SpaceX says 57 of its 60 broadband data satellites are now communicating with their ground stations — and that this grants them special privileges when other companies launch their own satellite telecommunication networks.
An anonymous reader quotes GeekWire:
In an emailed update, SpaceX said Starlink is ready to go into a testing phase that involves streaming videos and playing video games via satellite…. “Now that the majority of the satellites have reached their operational altitude, SpaceX will begin using the constellation to start transmitting broadband signals, testing the latency and capacity by streaming videos and playing some high-bandwidth video games using gateways throughout North America,” SpaceX said… SpaceX said “Starlink is now the first NGSO [non-geosynchronous satellite orbit] system to operate in the Ku-band and communicate with U.S. ground stations, demonstrating the system’s potential to provide fast, reliable internet to populations around the world.”
That statement isn’t intended merely as a marketing boast: In documents filed earlier this month with the Federal Communications Commission, SpaceX says its “first to operate” status with the FCC means it can “select its frequencies first” if there’s a conflict with other satellite telecommunication networks in low Earth orbit. SpaceX’s claim on that score has set off a flurry of regulatory filings from its rivals in the market for satellite broadband services, including the international OneWeb consortium and Canada’s biggest satellite operator, Telesat.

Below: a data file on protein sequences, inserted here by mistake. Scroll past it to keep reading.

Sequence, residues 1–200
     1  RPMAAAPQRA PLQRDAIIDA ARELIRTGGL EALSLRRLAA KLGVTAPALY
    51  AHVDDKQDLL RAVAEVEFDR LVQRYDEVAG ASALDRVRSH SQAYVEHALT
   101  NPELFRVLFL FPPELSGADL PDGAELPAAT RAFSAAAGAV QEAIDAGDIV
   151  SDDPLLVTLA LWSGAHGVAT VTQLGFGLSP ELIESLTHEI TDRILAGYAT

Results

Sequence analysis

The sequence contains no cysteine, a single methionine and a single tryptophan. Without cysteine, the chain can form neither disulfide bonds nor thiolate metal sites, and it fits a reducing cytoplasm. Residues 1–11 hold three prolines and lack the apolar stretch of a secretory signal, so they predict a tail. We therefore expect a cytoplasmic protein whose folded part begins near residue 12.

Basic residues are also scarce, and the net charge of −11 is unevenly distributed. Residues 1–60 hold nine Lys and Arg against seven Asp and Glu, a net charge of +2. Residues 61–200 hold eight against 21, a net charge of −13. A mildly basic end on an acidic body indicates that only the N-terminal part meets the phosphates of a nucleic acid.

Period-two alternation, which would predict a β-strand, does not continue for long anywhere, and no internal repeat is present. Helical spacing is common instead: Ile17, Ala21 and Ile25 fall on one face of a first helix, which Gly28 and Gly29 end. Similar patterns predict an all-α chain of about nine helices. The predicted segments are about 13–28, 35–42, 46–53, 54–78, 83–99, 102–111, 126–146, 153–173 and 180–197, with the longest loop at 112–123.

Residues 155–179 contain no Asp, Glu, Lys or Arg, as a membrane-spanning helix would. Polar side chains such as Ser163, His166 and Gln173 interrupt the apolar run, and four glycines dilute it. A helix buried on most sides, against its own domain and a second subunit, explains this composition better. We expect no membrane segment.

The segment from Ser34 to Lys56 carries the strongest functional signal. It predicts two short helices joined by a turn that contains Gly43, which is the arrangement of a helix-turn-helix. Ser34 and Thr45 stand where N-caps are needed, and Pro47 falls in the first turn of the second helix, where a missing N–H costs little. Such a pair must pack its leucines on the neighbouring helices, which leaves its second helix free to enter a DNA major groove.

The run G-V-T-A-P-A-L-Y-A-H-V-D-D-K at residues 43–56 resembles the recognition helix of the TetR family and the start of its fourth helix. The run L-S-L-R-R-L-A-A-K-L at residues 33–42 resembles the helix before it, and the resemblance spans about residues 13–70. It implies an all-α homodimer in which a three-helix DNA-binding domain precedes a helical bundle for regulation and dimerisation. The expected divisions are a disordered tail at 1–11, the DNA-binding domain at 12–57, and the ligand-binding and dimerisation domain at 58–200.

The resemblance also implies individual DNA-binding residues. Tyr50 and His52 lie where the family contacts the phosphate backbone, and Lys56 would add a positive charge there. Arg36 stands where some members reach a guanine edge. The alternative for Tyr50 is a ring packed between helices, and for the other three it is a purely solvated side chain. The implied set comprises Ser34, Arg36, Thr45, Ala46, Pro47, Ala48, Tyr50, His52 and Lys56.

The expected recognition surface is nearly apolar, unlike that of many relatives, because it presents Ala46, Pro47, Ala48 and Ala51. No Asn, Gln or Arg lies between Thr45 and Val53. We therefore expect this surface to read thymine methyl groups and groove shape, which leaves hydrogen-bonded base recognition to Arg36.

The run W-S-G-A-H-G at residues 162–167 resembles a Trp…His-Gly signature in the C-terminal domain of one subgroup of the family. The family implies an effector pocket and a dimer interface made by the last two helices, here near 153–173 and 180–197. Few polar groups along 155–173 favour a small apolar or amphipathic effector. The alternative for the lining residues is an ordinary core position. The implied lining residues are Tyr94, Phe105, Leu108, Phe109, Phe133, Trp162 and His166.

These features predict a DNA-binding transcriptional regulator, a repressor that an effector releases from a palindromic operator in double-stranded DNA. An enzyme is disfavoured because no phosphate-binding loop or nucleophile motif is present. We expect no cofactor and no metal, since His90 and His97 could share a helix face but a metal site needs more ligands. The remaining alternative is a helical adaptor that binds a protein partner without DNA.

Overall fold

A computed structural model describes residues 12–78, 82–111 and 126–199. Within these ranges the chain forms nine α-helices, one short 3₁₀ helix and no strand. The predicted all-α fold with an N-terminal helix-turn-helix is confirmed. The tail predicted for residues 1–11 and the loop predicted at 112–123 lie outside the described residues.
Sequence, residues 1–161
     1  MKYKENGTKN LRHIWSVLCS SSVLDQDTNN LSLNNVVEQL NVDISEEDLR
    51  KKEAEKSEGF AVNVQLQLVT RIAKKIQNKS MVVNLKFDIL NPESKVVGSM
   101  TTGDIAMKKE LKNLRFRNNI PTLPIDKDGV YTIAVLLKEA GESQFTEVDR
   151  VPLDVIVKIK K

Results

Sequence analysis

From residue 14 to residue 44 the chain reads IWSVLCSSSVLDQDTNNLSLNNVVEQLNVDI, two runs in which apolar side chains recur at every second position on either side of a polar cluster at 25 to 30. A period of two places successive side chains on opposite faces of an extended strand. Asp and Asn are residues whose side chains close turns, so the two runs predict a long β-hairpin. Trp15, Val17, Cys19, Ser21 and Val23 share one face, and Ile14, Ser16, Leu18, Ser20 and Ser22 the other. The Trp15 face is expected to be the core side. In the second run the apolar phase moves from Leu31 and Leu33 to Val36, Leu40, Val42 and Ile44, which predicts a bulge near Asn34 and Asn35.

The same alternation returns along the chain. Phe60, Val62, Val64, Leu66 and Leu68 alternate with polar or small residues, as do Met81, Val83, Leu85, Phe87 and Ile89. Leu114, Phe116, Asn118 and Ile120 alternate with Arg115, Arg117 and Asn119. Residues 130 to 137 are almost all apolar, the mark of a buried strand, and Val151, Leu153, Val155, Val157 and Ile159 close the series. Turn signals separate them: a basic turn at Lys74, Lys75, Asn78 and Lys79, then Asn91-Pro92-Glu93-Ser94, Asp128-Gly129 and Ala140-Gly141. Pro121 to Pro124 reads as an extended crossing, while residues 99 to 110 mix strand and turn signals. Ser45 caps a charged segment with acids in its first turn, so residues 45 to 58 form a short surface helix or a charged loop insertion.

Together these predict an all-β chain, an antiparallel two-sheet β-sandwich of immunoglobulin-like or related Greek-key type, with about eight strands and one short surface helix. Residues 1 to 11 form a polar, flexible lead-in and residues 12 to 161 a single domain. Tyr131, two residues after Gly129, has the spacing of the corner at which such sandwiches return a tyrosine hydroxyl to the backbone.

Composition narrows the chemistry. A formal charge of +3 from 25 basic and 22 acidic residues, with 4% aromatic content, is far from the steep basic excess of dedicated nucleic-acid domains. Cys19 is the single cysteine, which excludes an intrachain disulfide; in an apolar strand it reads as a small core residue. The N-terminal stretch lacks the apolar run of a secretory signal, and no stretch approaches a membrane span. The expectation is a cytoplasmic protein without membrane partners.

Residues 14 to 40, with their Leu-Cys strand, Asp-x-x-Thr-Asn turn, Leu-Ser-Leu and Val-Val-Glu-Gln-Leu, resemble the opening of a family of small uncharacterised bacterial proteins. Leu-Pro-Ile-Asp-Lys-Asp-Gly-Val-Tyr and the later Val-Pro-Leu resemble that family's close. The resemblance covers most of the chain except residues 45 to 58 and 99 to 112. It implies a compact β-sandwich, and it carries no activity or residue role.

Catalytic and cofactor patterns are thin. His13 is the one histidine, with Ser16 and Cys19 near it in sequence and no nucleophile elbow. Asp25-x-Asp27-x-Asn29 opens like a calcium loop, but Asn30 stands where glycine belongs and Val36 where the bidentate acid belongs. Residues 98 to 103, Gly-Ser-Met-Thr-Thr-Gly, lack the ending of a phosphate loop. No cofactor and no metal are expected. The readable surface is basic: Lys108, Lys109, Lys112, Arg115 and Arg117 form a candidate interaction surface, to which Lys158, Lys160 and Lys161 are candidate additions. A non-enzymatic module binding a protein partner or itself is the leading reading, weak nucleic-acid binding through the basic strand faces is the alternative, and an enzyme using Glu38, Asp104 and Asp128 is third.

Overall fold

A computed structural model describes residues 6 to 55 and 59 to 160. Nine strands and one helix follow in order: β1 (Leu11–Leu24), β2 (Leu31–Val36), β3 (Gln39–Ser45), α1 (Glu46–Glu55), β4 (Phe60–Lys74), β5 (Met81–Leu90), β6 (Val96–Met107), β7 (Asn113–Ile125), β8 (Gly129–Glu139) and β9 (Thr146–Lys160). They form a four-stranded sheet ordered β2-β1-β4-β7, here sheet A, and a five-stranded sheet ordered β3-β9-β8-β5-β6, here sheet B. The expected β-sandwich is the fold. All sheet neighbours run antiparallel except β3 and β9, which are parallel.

In one of this month’s filings, OneWeb charged that SpaceX was being “irresponsible” by going ahead with a Ku-band system under conditions that would interfere with OneWeb’s previously launched [six] satellites. But SpaceX shrugged off OneWeb’s objections, as well as Kepler’s. It said neither OneWeb nor Kepler qualified for the FCC’s first-choice status because their ground stations weren’t in the U.S… The exchange of FCC filings illustrates how tangled the regulatory environment for satellite internet broadband services can get. And things could get even more tangled if additional players including Amazon and Boeing join the fray.